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'Don't Forget Burma' urges author

Karen State (Myanmar), Fri, 24 Apr 2009 ANI

Karen State (Myanmar), Apr.24 (ANI): The humanitarian situation in Myanmar remains desperate a year after cyclone Nargis slammed the country, the author of a new memoir of Burmese life has warned.rominent campaigner Zoya Phan, 28, told Sky News that locals were struggling to rebuild their lives following the devastating storm, which hit Myanmar on May 2 2008, leaving nearly 140,000 people dead or missing.

 

"It has been a year since Nargis hit Burma, but when we spoke to the local people who were affected, they told us there hadn't been any international humanitarian aid in many parts of the area," she told Sky News.

 

"They said when some aid organisations were delivering aid into Burma, the regime just made a show - building up temporary shelters and asking people to come, then taking pictures before they left," she added.id and food from international agencies found its way onto Burmese markets after being seized by the regime, while survivors were forced into unpaid construction work, she said.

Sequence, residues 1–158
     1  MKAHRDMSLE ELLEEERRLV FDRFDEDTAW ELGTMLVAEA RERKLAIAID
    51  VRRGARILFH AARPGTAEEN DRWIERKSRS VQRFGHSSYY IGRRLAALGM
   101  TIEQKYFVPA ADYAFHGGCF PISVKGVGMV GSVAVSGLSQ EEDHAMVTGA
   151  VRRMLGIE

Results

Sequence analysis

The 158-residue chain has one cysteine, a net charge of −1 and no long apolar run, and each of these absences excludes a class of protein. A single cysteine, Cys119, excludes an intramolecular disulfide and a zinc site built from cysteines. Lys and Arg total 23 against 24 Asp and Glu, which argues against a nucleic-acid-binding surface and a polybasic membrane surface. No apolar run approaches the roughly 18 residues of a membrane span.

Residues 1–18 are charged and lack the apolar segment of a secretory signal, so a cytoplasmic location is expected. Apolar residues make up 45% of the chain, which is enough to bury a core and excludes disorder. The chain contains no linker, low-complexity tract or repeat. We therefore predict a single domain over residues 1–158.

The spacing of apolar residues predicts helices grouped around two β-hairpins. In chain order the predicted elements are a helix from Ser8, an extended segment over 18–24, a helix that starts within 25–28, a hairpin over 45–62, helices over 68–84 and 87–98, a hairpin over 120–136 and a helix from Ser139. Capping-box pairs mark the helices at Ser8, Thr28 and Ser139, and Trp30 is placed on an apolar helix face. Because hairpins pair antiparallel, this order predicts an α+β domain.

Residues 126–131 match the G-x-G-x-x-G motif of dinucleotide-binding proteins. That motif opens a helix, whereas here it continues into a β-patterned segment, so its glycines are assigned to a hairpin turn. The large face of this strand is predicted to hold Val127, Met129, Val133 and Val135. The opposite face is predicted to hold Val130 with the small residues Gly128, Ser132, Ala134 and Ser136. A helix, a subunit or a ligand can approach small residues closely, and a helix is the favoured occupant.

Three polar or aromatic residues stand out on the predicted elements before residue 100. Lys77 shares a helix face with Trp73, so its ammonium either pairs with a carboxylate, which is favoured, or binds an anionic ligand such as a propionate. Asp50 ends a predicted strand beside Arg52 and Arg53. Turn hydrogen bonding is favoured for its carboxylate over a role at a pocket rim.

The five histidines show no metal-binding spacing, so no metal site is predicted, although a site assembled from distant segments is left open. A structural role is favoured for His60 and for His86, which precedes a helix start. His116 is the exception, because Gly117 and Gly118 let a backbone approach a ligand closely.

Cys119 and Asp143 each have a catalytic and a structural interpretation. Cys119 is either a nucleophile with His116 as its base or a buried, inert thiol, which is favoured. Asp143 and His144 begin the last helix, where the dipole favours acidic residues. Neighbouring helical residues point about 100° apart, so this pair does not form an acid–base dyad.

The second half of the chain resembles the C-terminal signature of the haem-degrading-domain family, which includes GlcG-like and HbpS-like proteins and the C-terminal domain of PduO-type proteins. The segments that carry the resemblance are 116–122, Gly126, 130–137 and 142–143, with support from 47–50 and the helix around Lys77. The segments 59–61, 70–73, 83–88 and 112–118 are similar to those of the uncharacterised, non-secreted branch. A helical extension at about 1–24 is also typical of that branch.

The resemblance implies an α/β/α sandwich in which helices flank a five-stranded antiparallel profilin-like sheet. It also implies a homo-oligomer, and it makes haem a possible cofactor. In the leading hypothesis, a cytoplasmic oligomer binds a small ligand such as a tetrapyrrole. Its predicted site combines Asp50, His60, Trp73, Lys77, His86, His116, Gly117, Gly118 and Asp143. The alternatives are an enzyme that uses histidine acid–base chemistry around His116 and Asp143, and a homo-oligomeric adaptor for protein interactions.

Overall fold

Cyclone Nargis saw Burma make headlines, but while media attention on the country has since waned, Zoya warns that everyday suffering continues for many Burmese.

 

She hopes the release of her new book, Little Daughter, will help counter that by raise awareness of the country's ongoing crisis.

 

Little Daughter is a memoir of Zoya's early years growing up in Burma and subsequently fleeing - first to refugee camps and later to Britain.

 

Mixed in with warm anecdotes - of her smuggling mangoes and creating mud slides - are the grim reminders of the horror that begins to invade her young life.

 

She recalls vividly the episode in which she and her siblings discover the body of a man beaten by the Burmese army floating lifelessly in the river where she played.

 

The book tells of Zoya's unique position as the daughter of guerrilla soldier (her mother) and a freedom activist (her father), both of the Karen tribe - who have opposed the Burmese military junta for decades.

 

Following in their campaigning footsteps, Zoya knows the danger of speaking out so publicly against the military regime. (ANI)

 


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